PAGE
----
Fight, Flight, or Freeze

Responses to the Supreme Court

I’m publishing this series of articles to share and discuss my ruminations on coping with a troubled and messy world. Please “follow” me to never miss an article.

Now that the Supreme Court has made the dreadful decision invalidating a woman’s rights to an Abortion by overturning Roe Versus Wade, the responses follow along the familiar pattern of Fight, Flight, or Freeze. Indeed, Fight, Flight, or Freeze are typical reactions to virtually all high stress situations.

Fight does not necessarily mean fighting physically, but verbally and in terms of political action. The trouble of course is that in today’s world, it has all-too-readily assumed the form of actual physical violence. Flight typically means leaving a threatening situation both physically and emotionally. And Freeze literally means being unable to move and thereby do anything.

In the present situation, Fight is typified by the feeling that one will not let Conservatives win the upcoming Mid-Term Elections thereby allowing them to pass a new Federal Law outlawing Abortions in all 50 States. It’s also typified by extreme towards Democrats in not doing more, saying declaring a Public Health Emergency.

Flight is typified by the feeling that one will travel if need be to other States where it’s still possible to have an Abortion. In the extreme, it means leaving the U.S. altogether for more Abortion friendly countries. And Freeze is characterized by the feeling that even if one is given the financial resources to travel to another State, it’s still not enough for one can’t leave one’s job or abandon one’s children.

As is typically the case, Fight, Flight, or Freeze are not distributed equally among the population at large. The more well-to-do members of society are more likely to stay and thus be able Fight. Indeed, they have the necessary financial and emotional resources that allow them to be able to do so.

One also needs the right financial and emotional resources to be able to Flight. And those who can neither Fight nor Flight, and are thereby trapped into a state of being Frozen, are thoroughly demoralized. They need others to carry the Fight for them.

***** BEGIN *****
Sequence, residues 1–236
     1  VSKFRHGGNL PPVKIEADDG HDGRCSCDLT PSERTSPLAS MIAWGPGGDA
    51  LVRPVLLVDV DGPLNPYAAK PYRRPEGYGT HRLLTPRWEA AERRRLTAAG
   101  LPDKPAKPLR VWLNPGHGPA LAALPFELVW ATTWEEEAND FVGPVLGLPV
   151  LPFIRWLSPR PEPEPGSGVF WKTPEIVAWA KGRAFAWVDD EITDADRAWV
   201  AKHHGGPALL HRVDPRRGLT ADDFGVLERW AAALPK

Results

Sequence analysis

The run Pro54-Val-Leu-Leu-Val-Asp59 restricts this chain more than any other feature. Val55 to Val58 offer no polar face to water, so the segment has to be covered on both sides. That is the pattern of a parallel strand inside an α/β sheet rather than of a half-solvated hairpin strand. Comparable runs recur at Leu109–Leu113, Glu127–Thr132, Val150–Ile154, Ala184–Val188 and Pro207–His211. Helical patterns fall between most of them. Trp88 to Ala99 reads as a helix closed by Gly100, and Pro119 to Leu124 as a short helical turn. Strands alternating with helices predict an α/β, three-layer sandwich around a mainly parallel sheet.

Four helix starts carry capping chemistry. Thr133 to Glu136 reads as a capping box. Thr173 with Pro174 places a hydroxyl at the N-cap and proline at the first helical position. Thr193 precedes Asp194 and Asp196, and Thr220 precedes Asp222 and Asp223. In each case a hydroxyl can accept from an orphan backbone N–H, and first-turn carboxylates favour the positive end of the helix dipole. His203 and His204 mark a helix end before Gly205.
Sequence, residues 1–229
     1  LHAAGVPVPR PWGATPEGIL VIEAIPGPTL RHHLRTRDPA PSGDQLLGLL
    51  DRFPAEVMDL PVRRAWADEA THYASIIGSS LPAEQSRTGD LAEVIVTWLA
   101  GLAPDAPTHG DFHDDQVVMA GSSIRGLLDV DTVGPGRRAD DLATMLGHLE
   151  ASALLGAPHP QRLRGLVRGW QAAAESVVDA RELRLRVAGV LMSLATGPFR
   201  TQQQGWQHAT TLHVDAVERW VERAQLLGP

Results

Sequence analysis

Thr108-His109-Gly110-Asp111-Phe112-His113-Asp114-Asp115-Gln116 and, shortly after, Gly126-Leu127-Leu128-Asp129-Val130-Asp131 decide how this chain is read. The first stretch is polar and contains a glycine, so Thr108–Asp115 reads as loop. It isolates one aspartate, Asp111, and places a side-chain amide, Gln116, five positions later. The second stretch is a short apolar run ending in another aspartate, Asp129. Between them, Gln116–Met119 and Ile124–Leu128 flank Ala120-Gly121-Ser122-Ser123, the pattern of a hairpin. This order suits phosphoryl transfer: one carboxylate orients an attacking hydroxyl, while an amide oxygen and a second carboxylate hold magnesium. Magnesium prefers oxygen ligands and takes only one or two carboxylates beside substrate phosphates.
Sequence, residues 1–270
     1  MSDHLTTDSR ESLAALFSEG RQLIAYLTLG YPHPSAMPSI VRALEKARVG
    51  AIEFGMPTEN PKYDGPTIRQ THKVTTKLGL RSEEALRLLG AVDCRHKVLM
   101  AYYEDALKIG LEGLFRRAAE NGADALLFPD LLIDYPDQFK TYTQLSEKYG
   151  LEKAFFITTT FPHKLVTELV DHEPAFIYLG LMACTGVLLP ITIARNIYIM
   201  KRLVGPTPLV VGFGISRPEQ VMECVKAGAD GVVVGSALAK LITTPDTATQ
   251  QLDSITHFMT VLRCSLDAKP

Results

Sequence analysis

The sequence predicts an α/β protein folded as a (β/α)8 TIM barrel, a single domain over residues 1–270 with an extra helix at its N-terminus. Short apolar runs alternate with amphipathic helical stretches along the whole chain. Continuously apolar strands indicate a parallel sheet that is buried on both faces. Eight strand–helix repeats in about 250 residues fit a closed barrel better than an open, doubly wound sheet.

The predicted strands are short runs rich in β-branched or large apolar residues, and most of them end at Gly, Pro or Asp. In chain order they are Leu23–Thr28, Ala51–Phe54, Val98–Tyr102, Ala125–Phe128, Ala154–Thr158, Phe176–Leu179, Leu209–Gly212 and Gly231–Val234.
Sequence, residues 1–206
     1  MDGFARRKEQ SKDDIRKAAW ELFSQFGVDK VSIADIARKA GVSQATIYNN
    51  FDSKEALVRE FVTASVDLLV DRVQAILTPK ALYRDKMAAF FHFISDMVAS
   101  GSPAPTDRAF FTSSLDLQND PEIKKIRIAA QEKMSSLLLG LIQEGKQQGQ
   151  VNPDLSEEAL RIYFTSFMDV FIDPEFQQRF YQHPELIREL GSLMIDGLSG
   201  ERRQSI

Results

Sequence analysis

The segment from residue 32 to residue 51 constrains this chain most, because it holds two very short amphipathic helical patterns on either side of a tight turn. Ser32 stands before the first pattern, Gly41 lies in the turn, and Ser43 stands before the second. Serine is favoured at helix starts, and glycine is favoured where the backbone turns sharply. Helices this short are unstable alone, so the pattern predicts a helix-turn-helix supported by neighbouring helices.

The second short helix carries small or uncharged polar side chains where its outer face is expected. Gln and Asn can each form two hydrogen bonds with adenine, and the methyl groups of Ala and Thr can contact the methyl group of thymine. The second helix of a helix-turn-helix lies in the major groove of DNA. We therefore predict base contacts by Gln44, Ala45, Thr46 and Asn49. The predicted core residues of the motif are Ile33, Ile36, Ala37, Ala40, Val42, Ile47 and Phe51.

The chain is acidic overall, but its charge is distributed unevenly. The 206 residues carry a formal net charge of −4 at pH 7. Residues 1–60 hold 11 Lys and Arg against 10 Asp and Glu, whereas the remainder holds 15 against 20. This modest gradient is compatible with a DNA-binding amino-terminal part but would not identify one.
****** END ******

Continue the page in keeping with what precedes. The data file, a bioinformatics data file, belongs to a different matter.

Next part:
Most important of all, it’s vital to realize that the three conditions are not fixed for all time. Those who able to Fight at one point time may not be in others. The same with Flight or Freeze. More than ever, the better off need to support those less fortunate. For this reason alone, I’m committed to the Fight for the rest of my life.

Postscript

Fight, Flight, and Freeze do not of course exhaust all of the possible responses to major calamities. As one of the principal founders of the modern field of Crisis Management (CM), I learned early on that three roles emerge invariably in the early stages of a major crisis: Victim, Villain, or Rescuer. That is, one is either the Victim of a crisis; the Villain or the cause of it; or, the Rescuer who comes to the aid of the Victims.

If one is in favor of Abortion, then a woman who for whatever reason does not want to bear a child but is prohibited from having an Abortion is the clear Victim. The Villain is the Anti-Abortion Movement plus those States that prohibit Abortions. The Rescuer is the law itself — i.e., Roe Versus Wade — and Abortion-friendly States.

Of course, for those opposed to Abortions, the unborn fetus is the True Victim; Abortionists are the Villains; and they are the Rescuers.

Notice how Fight, Flight, and Freeze work together. Thus, one is a Rescuer if one Fights for the Victims, whomever they are. Unsupported, Victims often have no recourse but to take Flight, if not Freeze altogether.

The point is that all these and more are part of every important Social Issue. The trick is knowing which ones to enact in which situations. The even bigger trick is developing the necessary skills and temperament to be able enact each and every one as the situation demands.

Ian I. Mitroff is credited as being one of the principal founders of the modern field of Crisis Management. He has a BS, MS, and a PhD in Engineering and the Philosophy of Social Systems Science from UC Berkeley. He Is Professor Emeritus from the Marshall School of Business and the Annenberg School of Communication at USC. Currently, he is a Senior Research Affiliate in the Center for Catastrophic Risk Management, UC Berkeley. He is a Fellow of the American Psychological Association, the American Association for the Advancement of Science, and the American Academy of Management. He has published 41 books. His latest is: The Socially Responsible Organization: Lessons from Covid, Springer, New York, 2022.

Photo by Gayatri Malhotra on Unsplash

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